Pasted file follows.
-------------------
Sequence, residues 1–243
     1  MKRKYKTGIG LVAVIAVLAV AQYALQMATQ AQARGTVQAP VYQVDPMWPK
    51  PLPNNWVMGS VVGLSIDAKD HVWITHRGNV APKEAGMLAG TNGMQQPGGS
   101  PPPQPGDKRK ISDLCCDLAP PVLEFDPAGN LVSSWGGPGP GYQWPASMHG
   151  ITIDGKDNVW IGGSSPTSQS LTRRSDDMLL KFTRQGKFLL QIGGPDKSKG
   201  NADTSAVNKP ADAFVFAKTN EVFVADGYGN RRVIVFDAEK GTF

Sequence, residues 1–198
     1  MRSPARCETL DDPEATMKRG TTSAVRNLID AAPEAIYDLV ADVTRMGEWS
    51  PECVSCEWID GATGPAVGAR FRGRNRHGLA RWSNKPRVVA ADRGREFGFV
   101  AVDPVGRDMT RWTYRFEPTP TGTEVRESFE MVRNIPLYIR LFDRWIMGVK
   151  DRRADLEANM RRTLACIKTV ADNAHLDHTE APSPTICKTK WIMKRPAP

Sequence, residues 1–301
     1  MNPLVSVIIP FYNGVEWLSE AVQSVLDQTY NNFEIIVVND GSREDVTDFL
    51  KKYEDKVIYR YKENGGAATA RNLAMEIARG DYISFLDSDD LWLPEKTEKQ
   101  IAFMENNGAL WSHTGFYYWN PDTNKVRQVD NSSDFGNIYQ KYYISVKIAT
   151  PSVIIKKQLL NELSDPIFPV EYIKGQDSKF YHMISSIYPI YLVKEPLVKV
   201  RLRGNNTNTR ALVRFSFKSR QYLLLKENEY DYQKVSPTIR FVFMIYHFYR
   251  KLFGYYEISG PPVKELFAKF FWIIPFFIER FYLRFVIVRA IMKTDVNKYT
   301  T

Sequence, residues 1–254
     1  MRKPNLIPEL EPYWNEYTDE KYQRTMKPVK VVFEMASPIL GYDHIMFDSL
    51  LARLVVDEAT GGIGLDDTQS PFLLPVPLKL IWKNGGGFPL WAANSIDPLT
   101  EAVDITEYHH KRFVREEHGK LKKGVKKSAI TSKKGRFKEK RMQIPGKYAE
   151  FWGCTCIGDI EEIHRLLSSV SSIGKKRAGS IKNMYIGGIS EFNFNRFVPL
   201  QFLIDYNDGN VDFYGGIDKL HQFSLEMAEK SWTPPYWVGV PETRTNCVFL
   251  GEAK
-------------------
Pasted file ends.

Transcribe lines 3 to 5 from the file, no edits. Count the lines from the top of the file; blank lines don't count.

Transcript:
    51  PLPNNWVMGS VVGLSIDAKD HVWITHRGNV APKEAGMLAG TNGMQQPGGS
   101  PPPQPGDKRK ISDLCCDLAP PVLEFDPAGN LVSSWGGPGP GYQWPASMHG
   151  ITIDGKDNVW IGGSSPTSQS LTRRSDDMLL KFTRQGKFLL QIGGPDKSKG